The United Kingdom is set to be the first country in the world to test a vaccine against coronavirus by infecting healthy volunteers with Sars-Cov-2, the Financial Times reported, citing several people involved in the study.
In so-called “COVID-19 human challenge trials”, which will be funded by the UK government, participants will receive the vaccine and then, approximately a month later, a “challenge” dose of Sars-Cov-2 which normally causes the coronavirus-related disease.
The trials, which are more controversial than traditional studies, are set to “play a vital role in narrowing the large field of promising COVID-19 vaccines”, according to the report, by basically directly assessing their effectiveness.
The project will be reportedly carried out in a security quarantine facility run by hVivo, which is located in Whitechapel, London and is expected to launch in January. The conditions of people involved in the study will be monitored, as nearly 2,000 participants have already signed up for the trials in the UK alone through 1Day Sooner, a US-based project.
According to sources familiar with the matter, the necessary announcement it is expected to be made next week.
The UK Medicines and Healthcare Products Regulatory Agency told the FT that such trials “can be helpful for the development of vaccines and can provide early evidence of clinical efficacy, particularly when there are low rates of infection of the virus in the population".
“The safety of trial participants is our top priority and any proposal from a developer to include a human infection challenge as part of a clinical trial for development of a vaccine would be considered on a benefit-risk basis, with risks monitored for, and minimised in, the proposed trial design,” the agency said in a statement.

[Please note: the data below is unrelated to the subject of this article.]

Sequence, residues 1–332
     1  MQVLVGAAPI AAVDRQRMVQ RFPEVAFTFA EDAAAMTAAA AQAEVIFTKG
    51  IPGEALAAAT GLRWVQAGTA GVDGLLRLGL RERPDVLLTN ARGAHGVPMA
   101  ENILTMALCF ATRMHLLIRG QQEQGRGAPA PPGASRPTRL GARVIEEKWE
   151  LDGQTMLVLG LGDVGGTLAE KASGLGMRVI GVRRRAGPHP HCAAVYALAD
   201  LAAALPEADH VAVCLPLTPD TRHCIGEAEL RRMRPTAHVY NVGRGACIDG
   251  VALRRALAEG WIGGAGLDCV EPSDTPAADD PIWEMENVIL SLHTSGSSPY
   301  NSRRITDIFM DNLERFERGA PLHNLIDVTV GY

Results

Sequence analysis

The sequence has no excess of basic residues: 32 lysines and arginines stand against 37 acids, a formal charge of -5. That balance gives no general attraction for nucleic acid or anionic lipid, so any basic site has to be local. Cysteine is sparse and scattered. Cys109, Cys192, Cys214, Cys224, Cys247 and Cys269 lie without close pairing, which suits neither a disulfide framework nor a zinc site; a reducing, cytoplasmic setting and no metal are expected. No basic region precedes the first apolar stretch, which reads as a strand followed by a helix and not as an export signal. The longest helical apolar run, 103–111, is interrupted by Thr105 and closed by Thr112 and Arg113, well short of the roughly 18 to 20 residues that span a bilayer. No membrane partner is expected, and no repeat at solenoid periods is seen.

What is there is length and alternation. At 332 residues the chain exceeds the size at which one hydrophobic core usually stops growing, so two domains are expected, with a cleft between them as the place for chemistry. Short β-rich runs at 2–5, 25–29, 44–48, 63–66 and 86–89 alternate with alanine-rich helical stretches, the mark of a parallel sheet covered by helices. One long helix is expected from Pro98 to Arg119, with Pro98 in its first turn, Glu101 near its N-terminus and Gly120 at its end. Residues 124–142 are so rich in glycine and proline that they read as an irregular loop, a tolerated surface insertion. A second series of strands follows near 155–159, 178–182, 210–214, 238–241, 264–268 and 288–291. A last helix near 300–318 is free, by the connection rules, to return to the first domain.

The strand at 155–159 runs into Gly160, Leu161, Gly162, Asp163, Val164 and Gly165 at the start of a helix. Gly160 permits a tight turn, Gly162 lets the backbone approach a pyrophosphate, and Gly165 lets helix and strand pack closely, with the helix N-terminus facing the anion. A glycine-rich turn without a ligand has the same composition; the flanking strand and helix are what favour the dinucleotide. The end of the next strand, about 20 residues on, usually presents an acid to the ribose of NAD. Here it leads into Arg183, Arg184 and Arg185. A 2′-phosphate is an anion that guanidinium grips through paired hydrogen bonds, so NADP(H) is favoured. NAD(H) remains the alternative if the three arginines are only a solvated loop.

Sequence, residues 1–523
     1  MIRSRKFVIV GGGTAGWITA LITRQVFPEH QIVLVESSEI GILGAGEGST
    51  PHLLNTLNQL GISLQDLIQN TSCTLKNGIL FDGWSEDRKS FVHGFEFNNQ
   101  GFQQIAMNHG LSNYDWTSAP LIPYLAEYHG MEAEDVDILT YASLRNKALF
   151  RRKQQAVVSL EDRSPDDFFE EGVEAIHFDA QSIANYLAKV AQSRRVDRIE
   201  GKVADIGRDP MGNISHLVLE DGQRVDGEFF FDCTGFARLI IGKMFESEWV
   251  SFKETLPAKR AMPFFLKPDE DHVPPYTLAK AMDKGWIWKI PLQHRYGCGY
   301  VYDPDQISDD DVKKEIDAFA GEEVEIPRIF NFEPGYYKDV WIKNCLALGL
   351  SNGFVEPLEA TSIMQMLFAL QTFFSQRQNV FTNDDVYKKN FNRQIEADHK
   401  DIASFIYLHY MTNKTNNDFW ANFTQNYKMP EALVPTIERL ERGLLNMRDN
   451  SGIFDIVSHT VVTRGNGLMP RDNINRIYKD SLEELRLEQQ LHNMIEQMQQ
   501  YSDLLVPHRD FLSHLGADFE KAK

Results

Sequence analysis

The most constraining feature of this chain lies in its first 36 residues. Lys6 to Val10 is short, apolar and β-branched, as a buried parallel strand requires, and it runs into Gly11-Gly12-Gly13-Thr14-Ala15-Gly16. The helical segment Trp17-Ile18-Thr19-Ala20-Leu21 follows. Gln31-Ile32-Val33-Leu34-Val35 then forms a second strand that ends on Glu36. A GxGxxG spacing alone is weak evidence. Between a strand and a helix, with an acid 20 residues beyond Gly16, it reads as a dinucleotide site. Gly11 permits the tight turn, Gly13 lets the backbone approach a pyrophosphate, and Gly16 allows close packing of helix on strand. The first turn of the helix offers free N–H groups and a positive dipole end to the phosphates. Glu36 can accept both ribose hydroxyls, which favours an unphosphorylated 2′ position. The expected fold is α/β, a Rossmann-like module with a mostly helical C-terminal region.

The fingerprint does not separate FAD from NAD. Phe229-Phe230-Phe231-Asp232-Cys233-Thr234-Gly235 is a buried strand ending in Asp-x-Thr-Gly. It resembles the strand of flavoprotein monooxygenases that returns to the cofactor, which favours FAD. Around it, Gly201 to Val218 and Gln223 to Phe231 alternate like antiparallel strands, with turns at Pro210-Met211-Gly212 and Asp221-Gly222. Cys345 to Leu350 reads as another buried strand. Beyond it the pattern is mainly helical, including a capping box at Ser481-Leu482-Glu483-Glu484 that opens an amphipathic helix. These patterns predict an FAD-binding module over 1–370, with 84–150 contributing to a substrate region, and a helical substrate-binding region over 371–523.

According to the FT, previous partakers of hVivo’s influenza challenge studies have received a payment of up to £3,750 ($4,764), but reimbursement for COVID-19 research could be much higher due to the longer period of the participants’ isolation – however, the exact sum remains unknown.
Questions Over Anti-COVID Vaccine Trials
In September, a third phase of more conventional anti-coronavirus vaccine trials run by AstraZeneca, a pharmaceutical company, and Oxford University were paused due to a reported side effect in one of the British participants. The phase later resumed in the country, but remained on hold in the United States, as around 30,000 participants were recruited for the trials worldwide, including in Brazil and South Africa. It was later reported that the patient in question was not the only one who suffered an unexplained illness - it was later revealed to be related to an inflammation of the spinal cord. A similar side effect has apparently been experienced already, by another female British participant during the summer, but the matter was not initially reported by AstraZeneca.
It was earlier pointed out by Russian researchers that anti-COVID-19 vaccines developed by some of their international colleagues and made using mRNA and monkey adenoviral vector-based platforms rely on “novel, unproven technologies”. Unlike the human adenoviral vector used in the US' Johnson & Johnson, China's CanSino and Russia's Sputnik V vaccines, the scientists note that AstraZeneca's monkey adenovirus-based vaccine had not been studied over a long period of time.